Restaurant and Grocery Store Inspections: A Customer Guide

Is there anything worse than spotting a cockroach in the restaurant kitchen’s flour bin? Well, maybe find half a cockroach.

So what can you do?

In addition to notifying your server or manager, you can report your frightening discovery to the agency in the State of Florida that keeps track of these things.

Here’s what you need to know about Florida restaurant inspections:

Who inspects restaurants?

Florida Department of Business and Professional Regulation sends inspectors in restaurants.

What are inspectors looking for?

They are looking for a variety of violations this includes:

â–ª Dirty kitchen equipment such as crispy meat slicers and viscous soda makers.

â–ª Live and dead insects and rodents, and the poo they leave behind.

â–ª Food safety which includes storage temperatures and labeling dates.

â–ª Defective or broken equipment such as sinks.

Restaurants and grocery stores are inspected by the State of Florida. Inspectors look for the safety and cleanliness of food. Customers and diners can also report problems. Miami Herald File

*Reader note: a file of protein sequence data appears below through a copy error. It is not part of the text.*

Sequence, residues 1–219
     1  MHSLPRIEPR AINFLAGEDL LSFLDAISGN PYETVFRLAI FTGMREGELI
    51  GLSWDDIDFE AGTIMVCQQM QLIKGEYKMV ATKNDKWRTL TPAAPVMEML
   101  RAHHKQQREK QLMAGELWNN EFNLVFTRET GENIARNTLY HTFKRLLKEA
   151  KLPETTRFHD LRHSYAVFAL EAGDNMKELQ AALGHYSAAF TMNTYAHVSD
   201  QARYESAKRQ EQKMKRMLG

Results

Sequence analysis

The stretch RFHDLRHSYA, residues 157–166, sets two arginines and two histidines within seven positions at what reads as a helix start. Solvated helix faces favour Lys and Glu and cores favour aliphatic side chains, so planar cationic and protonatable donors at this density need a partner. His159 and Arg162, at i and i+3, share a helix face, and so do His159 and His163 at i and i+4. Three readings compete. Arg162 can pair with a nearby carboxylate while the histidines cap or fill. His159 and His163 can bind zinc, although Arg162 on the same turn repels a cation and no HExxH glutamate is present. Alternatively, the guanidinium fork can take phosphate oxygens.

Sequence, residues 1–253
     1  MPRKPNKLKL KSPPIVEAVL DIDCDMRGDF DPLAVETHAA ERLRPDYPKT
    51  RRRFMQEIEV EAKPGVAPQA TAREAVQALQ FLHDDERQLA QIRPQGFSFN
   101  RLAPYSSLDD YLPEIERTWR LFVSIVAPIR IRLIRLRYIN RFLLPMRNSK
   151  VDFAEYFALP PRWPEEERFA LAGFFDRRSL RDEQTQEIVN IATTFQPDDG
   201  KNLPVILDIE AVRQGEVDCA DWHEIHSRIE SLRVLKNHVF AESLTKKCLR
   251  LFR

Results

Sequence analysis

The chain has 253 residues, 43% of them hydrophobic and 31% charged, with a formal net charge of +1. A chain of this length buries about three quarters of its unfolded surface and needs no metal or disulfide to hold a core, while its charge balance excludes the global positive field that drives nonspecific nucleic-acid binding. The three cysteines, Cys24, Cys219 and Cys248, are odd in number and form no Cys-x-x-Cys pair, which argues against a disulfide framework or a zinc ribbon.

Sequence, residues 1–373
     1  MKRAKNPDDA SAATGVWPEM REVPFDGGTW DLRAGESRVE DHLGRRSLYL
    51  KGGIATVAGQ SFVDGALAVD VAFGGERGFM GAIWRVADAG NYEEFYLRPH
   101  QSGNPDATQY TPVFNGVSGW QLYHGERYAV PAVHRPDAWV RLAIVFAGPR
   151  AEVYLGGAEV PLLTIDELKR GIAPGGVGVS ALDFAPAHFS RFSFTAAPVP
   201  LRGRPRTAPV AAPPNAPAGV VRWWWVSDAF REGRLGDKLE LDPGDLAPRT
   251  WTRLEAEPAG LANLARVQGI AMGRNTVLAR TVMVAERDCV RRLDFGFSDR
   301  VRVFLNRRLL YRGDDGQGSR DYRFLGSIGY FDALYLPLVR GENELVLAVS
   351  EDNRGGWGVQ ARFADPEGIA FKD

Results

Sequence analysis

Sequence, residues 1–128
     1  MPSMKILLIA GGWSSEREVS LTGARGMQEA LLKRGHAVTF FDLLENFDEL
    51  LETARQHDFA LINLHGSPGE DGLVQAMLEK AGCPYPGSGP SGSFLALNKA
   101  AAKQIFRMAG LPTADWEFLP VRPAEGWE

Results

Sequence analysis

What if a restaurant fail the inspection?

If an inspector determines that management should deal with violations prior to serving food to customers, the restaurant will be closed until it passes a new inspection, usually within a day or two.

Can a guest report a problem?

Customers who see a problem may file a complaint with the Florida Department of Business Regulation.

What about the grocery stores?

Florida food stores are inspected by another state agency, the Department of Agriculture.

Unlike restaurants, grocery stores – which include grocery stores, supermarkets, mini markets, convenience stores, food warehouses, food distribution, and food processing facilities – are typically not closed if they fail the inspection. Instead, inspectors order the sale of specific products to stop. A problem with the bologna delicatessen? No more bologna sales until things get better, for example.

Inspectors look for unsafe or unsanitary food storage – they want hot food kept warm and cold food kept cold, and all under a blanket. They’re also on the lookout for insects, rodents, bug-eaten goods, workers who don’t follow cleanliness rules like hand washing, and dirt on equipment like deli slicers.

Customers can also report a problem to the Ministry of Agriculture by filing a complaint.

South Florida-born editor Jeff Kleinman oversees coverage of breaking news, public service and trends.

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